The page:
However, 'On-Stage' does not really reflect what happened in the band's performances. It included massive editing and studio intervention that undermined the authenticity of the live performances. What's more, the songs were shortened, solo pieces were compressed and improvisations were cut, all to allow for the release of this album as a double vinyl. But this is not enough, masterpiece songs that were part of the setlist on those shows, were not included in the album at all and the order of the songs was changed to adapt the album to the logistical and technical requirements. For example, works such as "Do You Close Your Eyes" and "Stargazer", which were played in performances at the time, did not find their way to the final edit.

Dio, Powell and Blackmore
Luckily, years later several performances from the same time were released, both on video and audio, so this magic can be recreated in a way closer to the original. An excellent example is the performance "Live In Koln 1976" in which you can also find the songs that were cut as part of the final editing of this album.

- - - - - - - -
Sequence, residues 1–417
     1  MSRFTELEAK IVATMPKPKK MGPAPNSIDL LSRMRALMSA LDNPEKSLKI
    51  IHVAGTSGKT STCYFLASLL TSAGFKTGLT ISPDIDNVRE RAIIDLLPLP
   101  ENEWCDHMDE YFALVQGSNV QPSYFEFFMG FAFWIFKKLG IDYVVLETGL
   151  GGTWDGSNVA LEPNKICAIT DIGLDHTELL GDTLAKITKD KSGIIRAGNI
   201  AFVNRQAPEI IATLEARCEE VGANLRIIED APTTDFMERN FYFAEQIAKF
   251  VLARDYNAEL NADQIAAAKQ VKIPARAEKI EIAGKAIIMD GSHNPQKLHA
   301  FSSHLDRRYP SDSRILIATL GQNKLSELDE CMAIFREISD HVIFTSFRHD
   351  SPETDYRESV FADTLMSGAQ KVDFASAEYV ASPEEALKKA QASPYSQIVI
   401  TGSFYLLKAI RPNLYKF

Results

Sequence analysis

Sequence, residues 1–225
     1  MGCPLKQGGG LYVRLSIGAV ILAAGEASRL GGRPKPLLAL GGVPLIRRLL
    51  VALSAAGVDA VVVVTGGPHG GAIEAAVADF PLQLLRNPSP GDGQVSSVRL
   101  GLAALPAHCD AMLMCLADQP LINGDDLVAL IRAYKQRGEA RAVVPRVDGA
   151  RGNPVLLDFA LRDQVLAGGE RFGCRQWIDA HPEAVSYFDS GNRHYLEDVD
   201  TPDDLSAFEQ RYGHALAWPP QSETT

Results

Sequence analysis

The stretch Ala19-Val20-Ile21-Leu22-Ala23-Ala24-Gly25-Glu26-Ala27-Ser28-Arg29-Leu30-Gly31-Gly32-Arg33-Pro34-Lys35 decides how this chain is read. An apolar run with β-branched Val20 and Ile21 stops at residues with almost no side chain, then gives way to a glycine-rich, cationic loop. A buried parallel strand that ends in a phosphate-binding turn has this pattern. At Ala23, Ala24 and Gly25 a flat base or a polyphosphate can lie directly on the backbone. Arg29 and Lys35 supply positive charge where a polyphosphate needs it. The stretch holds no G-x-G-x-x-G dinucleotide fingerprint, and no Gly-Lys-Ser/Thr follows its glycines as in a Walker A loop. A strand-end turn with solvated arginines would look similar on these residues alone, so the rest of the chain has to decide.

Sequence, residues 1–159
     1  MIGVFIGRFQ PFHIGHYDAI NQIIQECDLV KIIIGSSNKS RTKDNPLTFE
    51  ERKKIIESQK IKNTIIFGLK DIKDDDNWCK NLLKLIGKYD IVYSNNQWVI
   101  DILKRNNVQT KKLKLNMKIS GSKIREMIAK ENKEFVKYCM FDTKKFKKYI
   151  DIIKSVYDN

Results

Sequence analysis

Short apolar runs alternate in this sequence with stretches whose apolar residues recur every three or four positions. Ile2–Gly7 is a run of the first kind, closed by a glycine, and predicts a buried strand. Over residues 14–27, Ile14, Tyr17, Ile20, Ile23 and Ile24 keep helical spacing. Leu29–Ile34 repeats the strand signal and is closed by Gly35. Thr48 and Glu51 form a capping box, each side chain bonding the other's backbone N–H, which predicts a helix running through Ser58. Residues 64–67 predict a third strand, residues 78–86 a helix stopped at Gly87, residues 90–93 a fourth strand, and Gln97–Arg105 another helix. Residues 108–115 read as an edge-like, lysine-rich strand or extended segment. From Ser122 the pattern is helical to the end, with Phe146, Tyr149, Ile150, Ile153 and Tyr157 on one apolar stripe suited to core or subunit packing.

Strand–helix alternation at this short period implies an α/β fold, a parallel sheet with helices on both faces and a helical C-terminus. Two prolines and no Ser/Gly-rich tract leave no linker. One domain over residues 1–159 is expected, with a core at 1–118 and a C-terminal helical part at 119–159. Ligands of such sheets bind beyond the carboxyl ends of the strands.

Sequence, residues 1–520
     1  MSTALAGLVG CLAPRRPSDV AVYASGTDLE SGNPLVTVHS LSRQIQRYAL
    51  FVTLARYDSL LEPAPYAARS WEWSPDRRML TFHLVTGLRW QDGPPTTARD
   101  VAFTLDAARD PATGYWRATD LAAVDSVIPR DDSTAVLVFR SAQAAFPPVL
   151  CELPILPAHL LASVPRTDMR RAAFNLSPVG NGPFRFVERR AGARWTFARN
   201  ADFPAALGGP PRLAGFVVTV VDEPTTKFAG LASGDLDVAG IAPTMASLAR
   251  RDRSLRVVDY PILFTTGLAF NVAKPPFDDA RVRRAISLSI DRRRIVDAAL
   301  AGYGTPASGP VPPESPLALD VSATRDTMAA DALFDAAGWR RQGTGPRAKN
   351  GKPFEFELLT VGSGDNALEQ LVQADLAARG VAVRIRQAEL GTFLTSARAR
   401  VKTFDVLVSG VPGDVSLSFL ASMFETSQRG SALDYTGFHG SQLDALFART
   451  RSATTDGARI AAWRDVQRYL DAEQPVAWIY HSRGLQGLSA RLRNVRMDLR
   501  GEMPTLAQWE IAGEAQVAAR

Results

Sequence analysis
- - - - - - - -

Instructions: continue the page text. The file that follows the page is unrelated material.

The choice of songs for the album was also strange. Four of the six songs on the show are from the band's first album, with the excellent album "Rising", being represented by only one song, "Starstruck", also not one of the greats of that album, which is part of a medley along with the blues section and the song "Man on the Silver Mountain". Among the six songs is also the song "Mistreated" from the MKIII of "Deep Purple", and another new song that will only be included on the band's next album, so what we have left to do is just wonder what went through Blackmore's mind when compiling the song list for this album.

Rainbow L-R: Carey, Dio, Blackmore, Powell & Bain
Despite all that said and perhaps against all odds, this is still an excellent album by a band that is at its peak with its classic lineup that includes Ritchie Blackmore, Ronnie James Dio, Cozy Powell, Tony Carey, and Jimmy Bain.

The album opens with the famous segment from the film "The Wizard of Oz", which has also become the regular opening intro of the band's performances, for generations. Dorothy talks to her dog, Toto, and says:

"Toto, I'm a feeling we're not in Kansas anymore, We Must Be Over the RAINBOW…"

"We Must be Over The Rainbow":
And then ... the legendary Cozy Powell lands a powerful blow on the snare drum, and we all embark on an adventure that not even the writer L. Frank Baum dreamed of when he first wrote his book on the controversial magician. "Kill The King" which is to be included on the band's next album is coming in full force, and we are getting a bombastic opening for this live album. Although the version of the show sounds a little less tight than the studio version, it is still a strong opening that requires a lot of courage of opening a live album with a new and unfamiliar song.